In a bid to work towards carbon neutrality for the glassmaking industry, European glass federation FEVE and select member companies are developing the Furnace of the Future, described as the world’s first large-scale hybrid oxy-fuel* electric furnace powered by 80% renewable sources. We spoke with FEVE secretary general Adeline Farrelly about this ambitious initiative.
The electrically powered Furnace of the Future, a pilot project debuted some two years ago, is an industry initiative led by 20 companies, with FEVE as the facilitator. “The project was the fruit of numerous discussions the industry has been having around sustainability over recent years,” FEVE’s Farrelly tells Luxe Packaging Insight.
As of today, the furnace is being conceived with three primary objectives: to create a large-scale capacity electric furnace, one able to process high levels of recycled glass and produce colored glass. It will have a capacity of 300 tons per day, which, according to FEVE, will reduce carbon emissions by 50% compared to fossil fuel-powered furnaces. “Given that most CO2 emissions come from the glass-melting process, we needed to look at the alternatives. Electrification is one pathway, but currently this only works for furnaces of around 100 tons, not for 300 ton-plus furnaces,” explains Farrelly.
Today’s electric furnaces are also unable to process large quantities of recycled glass. “With an open flame, it’s easier to re-melt glass, but when using electric rods it’s more of a challenge. In other words, sand is easier to melt in an electric furnace than cullet.” Given that carbon emissions are reduced by 5% as a result of using 10% recycled glass, the benefit of having a large-scale electric furnace able to work with high levels of recycled glass is obvious,” she adds.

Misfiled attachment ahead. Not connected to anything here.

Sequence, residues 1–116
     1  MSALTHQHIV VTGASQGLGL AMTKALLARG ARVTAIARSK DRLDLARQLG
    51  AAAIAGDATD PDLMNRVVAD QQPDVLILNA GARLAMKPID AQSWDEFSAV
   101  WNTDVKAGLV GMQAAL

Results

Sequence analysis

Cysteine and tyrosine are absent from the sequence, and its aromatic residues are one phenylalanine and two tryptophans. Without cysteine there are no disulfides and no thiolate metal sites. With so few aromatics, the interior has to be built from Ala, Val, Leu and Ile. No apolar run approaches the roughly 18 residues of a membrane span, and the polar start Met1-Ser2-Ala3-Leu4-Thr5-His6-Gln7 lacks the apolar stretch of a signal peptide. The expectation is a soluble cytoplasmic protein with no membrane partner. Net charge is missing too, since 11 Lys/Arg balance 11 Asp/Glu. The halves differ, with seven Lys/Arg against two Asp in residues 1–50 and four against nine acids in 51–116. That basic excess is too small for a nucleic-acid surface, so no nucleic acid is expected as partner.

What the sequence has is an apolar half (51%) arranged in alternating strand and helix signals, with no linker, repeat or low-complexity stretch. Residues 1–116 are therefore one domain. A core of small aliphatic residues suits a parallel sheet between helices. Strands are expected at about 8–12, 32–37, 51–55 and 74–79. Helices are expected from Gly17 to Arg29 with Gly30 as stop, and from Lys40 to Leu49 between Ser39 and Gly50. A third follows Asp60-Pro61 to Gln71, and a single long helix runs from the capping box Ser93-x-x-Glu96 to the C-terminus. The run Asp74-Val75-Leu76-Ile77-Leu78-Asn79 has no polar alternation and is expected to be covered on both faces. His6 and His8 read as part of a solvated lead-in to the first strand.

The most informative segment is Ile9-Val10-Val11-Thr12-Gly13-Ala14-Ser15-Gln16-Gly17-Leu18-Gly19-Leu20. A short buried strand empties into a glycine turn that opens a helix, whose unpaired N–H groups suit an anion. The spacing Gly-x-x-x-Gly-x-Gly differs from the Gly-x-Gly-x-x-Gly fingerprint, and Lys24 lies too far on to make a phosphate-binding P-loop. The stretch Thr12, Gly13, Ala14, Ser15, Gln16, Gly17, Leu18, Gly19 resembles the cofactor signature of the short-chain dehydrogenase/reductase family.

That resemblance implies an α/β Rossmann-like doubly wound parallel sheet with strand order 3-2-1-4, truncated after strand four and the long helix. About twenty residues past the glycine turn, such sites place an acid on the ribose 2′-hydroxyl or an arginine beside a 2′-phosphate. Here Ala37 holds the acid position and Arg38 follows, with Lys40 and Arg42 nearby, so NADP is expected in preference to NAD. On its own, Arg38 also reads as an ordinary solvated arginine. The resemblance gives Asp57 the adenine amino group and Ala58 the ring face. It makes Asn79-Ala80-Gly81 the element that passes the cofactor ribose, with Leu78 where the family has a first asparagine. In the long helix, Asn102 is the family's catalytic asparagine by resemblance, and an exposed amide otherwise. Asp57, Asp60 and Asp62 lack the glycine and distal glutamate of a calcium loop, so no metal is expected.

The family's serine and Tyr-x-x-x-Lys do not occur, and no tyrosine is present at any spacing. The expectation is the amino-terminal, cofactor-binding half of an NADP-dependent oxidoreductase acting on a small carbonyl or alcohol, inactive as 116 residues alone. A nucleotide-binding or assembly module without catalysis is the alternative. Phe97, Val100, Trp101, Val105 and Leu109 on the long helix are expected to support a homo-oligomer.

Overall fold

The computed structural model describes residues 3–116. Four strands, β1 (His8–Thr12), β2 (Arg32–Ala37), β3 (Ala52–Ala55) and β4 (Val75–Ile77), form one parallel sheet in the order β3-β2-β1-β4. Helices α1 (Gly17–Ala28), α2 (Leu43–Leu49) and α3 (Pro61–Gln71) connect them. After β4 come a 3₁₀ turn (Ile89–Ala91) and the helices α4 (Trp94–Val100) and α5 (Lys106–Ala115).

In addition, the Furnace of the Future is being developed to produce colored glass, a major step given that electric furnaces today only work with flint (clear) glass.
A steering committee that brings together engineers from the participating glassmakers has been set up, while numerous exchanges with furnace suppliers are addressing why large-scale electric furnaces have failed in the past.
FEVE member Ardagh Group has offered to house the furnace at its site in Germany (the Furnace of the Future is a rebuild, not a new build) with completion slated for 2022.
When it comes to funding the initiative, participating glassmakers will invest up to 40% in the furnace to cover basic costs. FEVE is hoping to get the remaining 60% (additional costs) from the European Union’s Emissions Trading System (ETS) Finance for Innovation Fund. The federation estimates that the additional capital operational expenditure of a hybrid furnace compared to a conventional furnace will cost €30m to €40m over about 10 years.
This project is also of utmost importance, according to FEVE, as it marks the first time that the European glass industry is collaborating to meet such an important challenge. “This is quite a feat as these companies are all competitors. However, they see the added value and are very proud of the project.”
Yet Farrelly warns that the project is also dependent on the energy landscape: “We’re pioneering this innovation, but only a cross-sector, European-wide approach to green energy sources will allow us to reach a carbon-neutral business model in the years to come”.
In addition to Ardagh Group, the glassmakers that have signed on to Furnace of the Future project include Bormioli Luigi, Groupe Pochet, Verescence, Saverglass, Stoelzle, O-I, Hrastnik 1860, Verallia, Gruppo Zignago Vetro (owner of Verreries Brosse) and Gerresheimer.
*Oxy-fuel combustion burns pure oxygen rather than air, which allows the furnace to reach higher flame temperatures.
FEVE is a Brussels-based federation of companies that produce glass packaging for all sectors: food & beverage, pharmaceuticals and fragrance & cosmetics.